This book investigates how customary practices in South Africa have led to negotiation and contestation over human rights, gender and generational power.

Drawing on a range of original empirical studies, this book provides important new insights into the realities of regulating personal relationships in complex social fields in which customary practices are negotiated. This book not only adds to a fuller understanding of how customary practices are experienced in contemporary South Africa, but it also contributes to a large discussion about the experiences, impact and ongoing negotiations around changing structures of gender and generational power and rights in contemporary South Africa.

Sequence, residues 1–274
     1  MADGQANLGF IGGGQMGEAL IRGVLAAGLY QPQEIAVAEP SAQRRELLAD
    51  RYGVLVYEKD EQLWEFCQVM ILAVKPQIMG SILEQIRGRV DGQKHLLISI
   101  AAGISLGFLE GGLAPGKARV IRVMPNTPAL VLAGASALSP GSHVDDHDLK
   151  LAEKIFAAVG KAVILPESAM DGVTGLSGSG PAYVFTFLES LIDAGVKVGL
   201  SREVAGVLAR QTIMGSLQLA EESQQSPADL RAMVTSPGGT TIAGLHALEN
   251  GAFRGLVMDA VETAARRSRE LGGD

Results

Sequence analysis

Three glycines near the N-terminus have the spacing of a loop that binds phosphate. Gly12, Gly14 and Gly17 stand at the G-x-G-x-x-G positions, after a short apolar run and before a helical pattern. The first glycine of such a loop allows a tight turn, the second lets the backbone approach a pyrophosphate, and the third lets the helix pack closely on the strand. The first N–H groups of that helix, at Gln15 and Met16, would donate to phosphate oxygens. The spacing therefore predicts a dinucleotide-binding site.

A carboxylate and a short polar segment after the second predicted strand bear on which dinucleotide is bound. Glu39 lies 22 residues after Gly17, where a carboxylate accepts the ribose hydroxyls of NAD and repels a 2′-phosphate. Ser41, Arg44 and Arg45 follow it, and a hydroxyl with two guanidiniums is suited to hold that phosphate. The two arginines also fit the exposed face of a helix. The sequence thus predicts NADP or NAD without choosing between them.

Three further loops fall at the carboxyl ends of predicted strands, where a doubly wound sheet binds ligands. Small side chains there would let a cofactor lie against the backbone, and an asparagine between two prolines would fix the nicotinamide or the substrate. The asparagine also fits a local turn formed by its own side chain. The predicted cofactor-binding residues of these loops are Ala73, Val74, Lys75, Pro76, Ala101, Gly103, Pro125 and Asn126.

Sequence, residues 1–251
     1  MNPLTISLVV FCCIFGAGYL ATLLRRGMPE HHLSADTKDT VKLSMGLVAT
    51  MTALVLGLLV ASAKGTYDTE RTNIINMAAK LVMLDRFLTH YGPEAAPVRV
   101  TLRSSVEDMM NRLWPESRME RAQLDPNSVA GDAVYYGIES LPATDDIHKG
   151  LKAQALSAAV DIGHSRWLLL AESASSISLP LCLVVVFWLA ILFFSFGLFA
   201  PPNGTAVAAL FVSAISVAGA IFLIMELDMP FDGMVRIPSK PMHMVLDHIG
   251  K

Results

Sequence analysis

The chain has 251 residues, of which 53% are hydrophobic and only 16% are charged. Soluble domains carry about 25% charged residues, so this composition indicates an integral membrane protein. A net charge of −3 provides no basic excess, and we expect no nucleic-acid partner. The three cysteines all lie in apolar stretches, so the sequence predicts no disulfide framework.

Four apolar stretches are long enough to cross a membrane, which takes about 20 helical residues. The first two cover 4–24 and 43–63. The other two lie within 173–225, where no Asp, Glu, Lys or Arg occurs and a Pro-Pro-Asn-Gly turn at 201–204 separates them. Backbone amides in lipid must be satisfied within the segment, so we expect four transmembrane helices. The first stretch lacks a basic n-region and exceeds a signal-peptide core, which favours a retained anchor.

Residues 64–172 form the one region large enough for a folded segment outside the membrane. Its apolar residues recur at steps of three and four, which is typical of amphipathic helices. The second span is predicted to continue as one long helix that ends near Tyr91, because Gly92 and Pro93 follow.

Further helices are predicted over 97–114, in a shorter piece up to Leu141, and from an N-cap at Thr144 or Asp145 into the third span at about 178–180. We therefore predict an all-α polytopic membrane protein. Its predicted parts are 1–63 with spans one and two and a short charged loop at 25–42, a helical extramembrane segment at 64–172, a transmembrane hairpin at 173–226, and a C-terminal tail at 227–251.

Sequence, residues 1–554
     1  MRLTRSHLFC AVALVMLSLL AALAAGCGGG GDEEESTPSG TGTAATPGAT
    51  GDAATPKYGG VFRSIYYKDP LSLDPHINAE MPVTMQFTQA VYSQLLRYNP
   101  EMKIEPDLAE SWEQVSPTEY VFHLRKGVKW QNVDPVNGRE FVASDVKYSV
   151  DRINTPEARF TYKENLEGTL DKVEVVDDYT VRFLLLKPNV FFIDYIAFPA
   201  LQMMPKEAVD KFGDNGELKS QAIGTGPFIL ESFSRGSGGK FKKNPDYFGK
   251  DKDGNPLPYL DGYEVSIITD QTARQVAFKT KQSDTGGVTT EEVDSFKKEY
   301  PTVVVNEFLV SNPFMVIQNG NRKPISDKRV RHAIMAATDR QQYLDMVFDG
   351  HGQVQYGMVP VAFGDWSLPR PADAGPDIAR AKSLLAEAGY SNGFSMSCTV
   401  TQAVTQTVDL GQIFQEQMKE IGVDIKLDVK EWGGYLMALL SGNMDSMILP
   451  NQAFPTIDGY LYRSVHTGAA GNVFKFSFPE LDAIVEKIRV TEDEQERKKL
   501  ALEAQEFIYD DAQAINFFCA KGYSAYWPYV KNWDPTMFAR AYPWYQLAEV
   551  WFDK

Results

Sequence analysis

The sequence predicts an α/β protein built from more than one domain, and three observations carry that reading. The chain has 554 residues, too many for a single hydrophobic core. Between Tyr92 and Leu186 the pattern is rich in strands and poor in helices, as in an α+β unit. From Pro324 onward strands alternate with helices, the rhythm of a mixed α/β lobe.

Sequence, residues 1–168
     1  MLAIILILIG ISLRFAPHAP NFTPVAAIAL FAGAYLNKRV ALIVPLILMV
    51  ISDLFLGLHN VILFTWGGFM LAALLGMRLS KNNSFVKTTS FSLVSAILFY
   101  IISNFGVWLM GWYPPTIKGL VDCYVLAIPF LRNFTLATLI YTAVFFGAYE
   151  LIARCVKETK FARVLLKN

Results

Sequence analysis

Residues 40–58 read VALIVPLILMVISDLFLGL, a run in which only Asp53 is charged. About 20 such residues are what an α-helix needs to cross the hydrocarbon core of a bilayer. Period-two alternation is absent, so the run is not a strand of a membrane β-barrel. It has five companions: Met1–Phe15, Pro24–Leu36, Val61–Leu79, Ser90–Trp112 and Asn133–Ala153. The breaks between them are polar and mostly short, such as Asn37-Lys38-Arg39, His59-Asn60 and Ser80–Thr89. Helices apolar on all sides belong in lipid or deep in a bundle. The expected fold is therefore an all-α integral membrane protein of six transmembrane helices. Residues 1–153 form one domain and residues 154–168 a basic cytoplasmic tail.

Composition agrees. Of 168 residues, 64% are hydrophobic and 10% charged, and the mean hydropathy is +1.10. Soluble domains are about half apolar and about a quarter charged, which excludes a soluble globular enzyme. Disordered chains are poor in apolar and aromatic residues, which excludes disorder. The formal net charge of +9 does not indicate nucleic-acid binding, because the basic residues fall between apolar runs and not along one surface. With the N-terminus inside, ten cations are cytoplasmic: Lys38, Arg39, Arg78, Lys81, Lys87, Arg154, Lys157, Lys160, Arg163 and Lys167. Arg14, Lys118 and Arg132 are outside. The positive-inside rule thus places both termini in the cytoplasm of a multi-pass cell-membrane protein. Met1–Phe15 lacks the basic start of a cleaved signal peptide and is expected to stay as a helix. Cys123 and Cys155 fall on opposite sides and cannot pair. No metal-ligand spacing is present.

It will be of interest to researchers across the fields of sociology, family/customary law, gender, social policy and African Studies.

chapter 2|19 pages

Lobolo and the making of men 1

chapter 3|18 pages

Very long engagements

The persistent authority of bridewealth in a post-apartheid South African community

chapter 4|16 pages

Inhlawulo, Kin and Custom

Young men negotiating fatherhood and respectable masculinity

chapter 7|19 pages

The power of state law

Female initiation, consent and generational entanglements 1

chapter 8|17 pages

Negotiation of inheritance rights by widows

A case study in rural South Africa

chapter 9|20 pages

Resisting for one and all

Gender and generations amidst guns in rural KwaZulu-Natal

chapter |2 pages

Glossary and Notes